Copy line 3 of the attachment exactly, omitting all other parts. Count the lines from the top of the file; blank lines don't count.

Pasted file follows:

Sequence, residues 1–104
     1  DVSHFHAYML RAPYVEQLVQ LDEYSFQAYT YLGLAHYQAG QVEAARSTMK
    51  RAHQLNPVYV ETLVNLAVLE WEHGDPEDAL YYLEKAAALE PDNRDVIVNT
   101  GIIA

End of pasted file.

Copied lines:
    51  RAHQLNPVYV ETLVNLAVLE WEHGDPEDAL YYLEKAAALE PDNRDVIVNT